Both can’t be right. Since God is all-knowing, as Psalm 147:5 claims, “His understanding is beyond measure,” and can’t lie, as Hebrews 6:18 records, “…it is impossible for God to lie,” it is only reasonable to conclude that the polls must be inaccurate; they must be incorrectly defining the category of Christian.

Acts 11:26 states, “The disciples were first called Christians in Antioch.” But what is a Christian?

Although the Bible does not contain a single verse that provides a formal definition, it does offer characteristics of what it means to be a follower of Christ and, therefore, a Christian. For example, Romans 10:9 states, “If you confess with your mouth the Lord Jesus and believe in your heart that God has raised Him from the dead, you will be saved.” John 8:31 states, If you abide in My word, you are My disciples indeed.” Finally, Romans 12:2 records, do not be conformed to this world, but be transformed by the renewing of your mind, that you may prove what is that good and acceptable and perfect will of God.”

With just these three verses, we can conclude that a Christian believes that Jesus is God, is obedient to His word, the Bible, has a transformed life, and, ultimately, is redeemed. My article on the Five Solas defines what a Christian believes as follows: “[Christians are those who] believe in salvation by grace alone, through faith alone, in Christ alone, according to Scripture alone, and for the glory of God alone.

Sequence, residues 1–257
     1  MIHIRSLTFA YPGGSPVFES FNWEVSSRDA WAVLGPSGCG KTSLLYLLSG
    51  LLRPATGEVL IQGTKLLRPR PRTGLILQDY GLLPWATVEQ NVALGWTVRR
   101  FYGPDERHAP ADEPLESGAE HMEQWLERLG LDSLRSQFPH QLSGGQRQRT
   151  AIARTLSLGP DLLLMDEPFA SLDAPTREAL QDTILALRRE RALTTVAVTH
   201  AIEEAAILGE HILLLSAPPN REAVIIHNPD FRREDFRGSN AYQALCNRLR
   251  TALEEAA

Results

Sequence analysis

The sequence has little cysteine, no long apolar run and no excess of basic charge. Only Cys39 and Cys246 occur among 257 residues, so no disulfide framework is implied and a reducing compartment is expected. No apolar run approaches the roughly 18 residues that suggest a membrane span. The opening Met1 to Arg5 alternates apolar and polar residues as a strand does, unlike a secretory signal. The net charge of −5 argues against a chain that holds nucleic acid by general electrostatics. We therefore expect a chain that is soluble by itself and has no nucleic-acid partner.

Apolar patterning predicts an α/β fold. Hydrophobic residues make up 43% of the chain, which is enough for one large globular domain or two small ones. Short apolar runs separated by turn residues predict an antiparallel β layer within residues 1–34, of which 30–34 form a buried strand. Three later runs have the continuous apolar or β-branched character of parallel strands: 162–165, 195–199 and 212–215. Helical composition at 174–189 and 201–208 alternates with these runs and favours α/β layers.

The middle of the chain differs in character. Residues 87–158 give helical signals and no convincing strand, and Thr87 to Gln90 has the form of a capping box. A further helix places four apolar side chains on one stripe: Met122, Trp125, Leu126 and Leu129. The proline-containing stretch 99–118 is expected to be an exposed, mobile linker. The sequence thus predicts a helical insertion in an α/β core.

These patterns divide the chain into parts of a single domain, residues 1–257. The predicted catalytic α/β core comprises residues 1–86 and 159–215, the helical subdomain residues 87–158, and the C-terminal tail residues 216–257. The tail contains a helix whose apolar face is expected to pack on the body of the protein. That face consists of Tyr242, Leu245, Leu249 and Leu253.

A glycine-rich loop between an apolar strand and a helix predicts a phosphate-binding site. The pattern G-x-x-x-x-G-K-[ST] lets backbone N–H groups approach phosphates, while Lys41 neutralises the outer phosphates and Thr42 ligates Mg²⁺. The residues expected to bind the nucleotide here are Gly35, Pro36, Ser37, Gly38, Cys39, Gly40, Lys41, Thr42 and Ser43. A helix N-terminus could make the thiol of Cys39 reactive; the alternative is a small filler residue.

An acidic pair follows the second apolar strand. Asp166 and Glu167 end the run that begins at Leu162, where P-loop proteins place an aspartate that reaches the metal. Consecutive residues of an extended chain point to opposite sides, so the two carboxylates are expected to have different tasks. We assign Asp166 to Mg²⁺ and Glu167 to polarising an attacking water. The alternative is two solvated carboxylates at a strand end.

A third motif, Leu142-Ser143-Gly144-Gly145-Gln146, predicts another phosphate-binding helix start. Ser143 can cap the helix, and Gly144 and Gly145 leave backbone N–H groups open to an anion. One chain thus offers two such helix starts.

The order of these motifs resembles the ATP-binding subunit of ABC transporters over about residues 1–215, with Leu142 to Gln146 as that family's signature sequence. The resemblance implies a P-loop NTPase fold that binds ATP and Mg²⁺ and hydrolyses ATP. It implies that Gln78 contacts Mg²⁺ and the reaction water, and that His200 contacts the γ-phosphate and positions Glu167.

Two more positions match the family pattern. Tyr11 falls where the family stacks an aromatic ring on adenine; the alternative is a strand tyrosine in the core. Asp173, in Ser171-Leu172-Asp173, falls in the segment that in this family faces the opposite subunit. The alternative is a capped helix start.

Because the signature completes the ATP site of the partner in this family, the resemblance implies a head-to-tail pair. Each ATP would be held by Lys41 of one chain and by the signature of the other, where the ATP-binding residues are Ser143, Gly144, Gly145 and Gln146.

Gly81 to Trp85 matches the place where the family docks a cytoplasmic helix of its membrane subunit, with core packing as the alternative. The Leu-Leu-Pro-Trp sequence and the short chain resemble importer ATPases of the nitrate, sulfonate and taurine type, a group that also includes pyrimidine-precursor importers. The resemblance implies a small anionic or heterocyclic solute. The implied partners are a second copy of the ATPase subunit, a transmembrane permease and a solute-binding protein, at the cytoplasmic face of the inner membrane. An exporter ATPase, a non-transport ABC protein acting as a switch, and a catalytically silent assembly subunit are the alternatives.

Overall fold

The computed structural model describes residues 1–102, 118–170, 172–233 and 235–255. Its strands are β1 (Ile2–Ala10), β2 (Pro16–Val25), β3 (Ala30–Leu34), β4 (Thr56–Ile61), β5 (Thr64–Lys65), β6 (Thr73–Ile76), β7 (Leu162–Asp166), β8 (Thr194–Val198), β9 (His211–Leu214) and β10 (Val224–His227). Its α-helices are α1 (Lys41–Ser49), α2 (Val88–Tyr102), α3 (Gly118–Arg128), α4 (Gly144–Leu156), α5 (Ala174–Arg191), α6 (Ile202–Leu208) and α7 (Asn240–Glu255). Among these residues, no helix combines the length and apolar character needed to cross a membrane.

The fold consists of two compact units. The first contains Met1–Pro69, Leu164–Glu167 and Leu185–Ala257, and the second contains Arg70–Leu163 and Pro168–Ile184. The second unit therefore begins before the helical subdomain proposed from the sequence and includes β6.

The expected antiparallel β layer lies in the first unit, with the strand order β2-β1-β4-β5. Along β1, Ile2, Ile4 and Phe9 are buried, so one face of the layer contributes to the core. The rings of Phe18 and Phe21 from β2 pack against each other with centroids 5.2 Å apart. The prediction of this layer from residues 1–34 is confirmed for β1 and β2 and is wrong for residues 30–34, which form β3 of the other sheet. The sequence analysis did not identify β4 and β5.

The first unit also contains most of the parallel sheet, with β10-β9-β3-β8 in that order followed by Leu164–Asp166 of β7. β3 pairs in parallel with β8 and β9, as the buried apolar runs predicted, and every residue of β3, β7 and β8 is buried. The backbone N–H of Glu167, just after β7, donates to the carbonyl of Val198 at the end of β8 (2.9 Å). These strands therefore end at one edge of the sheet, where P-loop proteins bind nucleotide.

However, that is not the definition of “Christian” in any poll. They  would define “Christian” as “anyone who claims to be a Christian.”


The Wheat and the Tares

Many do claim to be “Christian.” That, in fact, is what Christ addresses in His parable of the Wheat and the Tares.

Matthew 13:24-30 and Matthew 13:36-43: “The kingdom of heaven may be compared to a man who sowed good seed in his field, but while his men were sleeping, his enemy came and sowed weeds among the Wheat and went away. So when the plants came up and bore grain, then the weeds appeared also. And the servants of the Master of the house came and said to him, ‘Master, did you not sow good seed in your field? How then does it have weeds?’ He said to them, ‘An enemy has done this.’ So the servants said to him, ‘Then do you want us to go and gather them?’ But he said, ‘No, lest in gathering the weeds you root up the Wheat along with them. Let both grow together until the harvest, and at harvest time I will tell the reapers, “Gather the weeds first and bind them in bundles to be burned, but gather the wheat into my barn.’”